This section is from the book "Commercial Gardening Vol3", by John Weathers (the Editor). Also available from Amazon: Commercial Gardening, A Practical & Scientific Treatise For Market Gardeners.
A profuse bearer. As the tree is of upright growth it should be planted at the end of rows where a roadway is left, where a drooping or spreading tree would be injured by the passing of vans or trolleys. It is tit to gather at the beginning of October.
A pear very much like the one just mentioned, but larger and of better quality. The tree has a similar upright growth, but is not so hardy, and though a good cropper is nothing like so sure as the Capiaumont.
This Pear is certainly rightly named. It is probably the heaviest bearer among the Pears. The tree has an awkward tendency to run up, and the lateral branches nearly always want propping. When the crop is heavy, or the season dry, the fruit runs small. The quality is poor, but the tree pays to grow where Pears will grow at all, because of its fertility. It is apt to canker and requires the copper sulphate spray in the winter. It is fit to gather at the beginning of October.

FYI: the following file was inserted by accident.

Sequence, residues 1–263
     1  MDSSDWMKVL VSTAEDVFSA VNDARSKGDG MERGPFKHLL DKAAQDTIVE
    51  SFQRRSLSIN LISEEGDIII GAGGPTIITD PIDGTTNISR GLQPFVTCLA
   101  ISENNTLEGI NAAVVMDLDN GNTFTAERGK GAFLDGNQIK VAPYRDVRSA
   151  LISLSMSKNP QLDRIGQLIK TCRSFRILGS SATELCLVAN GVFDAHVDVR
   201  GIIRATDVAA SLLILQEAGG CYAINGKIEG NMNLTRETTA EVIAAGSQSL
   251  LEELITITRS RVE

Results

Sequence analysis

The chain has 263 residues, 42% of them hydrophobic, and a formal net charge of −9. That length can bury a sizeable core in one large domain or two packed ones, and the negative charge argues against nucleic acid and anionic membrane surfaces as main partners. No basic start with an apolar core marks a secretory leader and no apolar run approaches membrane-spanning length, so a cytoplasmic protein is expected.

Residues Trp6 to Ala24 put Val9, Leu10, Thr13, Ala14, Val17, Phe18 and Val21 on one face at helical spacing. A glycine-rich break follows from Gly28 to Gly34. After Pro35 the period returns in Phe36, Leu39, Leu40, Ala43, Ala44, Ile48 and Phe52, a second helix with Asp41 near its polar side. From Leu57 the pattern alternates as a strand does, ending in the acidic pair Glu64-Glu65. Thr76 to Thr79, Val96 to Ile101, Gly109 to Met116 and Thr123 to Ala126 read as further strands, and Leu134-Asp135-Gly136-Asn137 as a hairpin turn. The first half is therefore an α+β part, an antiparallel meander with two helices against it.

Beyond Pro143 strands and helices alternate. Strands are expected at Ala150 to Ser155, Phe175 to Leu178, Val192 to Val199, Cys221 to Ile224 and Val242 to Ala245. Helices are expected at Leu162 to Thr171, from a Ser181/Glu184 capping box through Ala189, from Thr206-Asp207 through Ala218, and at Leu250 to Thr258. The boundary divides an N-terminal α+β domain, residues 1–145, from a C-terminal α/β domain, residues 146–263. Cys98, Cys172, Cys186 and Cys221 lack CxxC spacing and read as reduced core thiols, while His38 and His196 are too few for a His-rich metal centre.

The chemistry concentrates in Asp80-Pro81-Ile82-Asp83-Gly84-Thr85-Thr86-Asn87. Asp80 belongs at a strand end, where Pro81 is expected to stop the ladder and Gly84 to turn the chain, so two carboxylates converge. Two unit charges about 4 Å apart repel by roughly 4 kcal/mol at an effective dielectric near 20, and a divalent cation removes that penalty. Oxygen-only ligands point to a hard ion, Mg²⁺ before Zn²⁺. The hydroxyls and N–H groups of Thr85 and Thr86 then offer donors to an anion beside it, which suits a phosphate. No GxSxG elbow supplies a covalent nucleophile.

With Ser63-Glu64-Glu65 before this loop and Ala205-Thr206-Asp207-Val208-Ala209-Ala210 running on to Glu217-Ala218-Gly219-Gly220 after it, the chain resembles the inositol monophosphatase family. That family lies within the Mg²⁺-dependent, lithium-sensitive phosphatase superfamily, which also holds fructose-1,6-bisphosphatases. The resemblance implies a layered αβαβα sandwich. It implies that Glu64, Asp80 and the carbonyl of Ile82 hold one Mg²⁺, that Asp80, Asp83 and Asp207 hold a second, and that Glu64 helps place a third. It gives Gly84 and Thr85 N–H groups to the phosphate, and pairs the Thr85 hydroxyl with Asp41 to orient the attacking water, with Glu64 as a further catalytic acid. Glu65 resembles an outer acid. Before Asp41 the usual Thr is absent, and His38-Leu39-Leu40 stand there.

This is the best-quality Pear yet mentioned. It is of regular, fairly upright growth; a good bearer. Wants gathering at the beginning of October, and keeping a week or two before sending to market.
This is a Pear grown in Middlesex and Essex; it is a prodigious bearer. The tree is of curious habit, throwing long up-i right branches which bend over when bearing a crop, making the tree like a Weeping Willow. The fruit, when ripe, in November, has a pretty red blush and looks very attractive; but it has no quality whatever, and is only fit for stewing (fig. 353).
A Pear of American origin, large, well-shaped, with red streaks on one side, with flavour somethingiike the old " Williams' Bon Chretien", but less distinct; a good bearer on the Quince, but wants planting with caution, the favour with which it was at first received on the market seems declining. Its season is early September.
Another Pear resembling " Williams' Bon Chretien " both in appearance and flavour. It makes a regular bush on the Quince, and the fruit is large and handsome, but it remains to be seen whether it wili be a market favourite, as the appearance gives a promise of quality which tasting disappoints.
Fig. 353. - Pear. Windsor. (1/2.).
A short, spotted, August Pear. The tree on the Quince is of ragged habit, but a good bearer. It can hardly be said to have made a name on the market yet; but it is a promising Pear and worth trying.
This is one of Mr. Rivera' introductions, and is a valuable Pear. The fruit is of the elongated russet type; the flesh when ripe has a slight pinky tint: it sells well on the market. The tree on the Quince makes a regular bush and is a good bearer.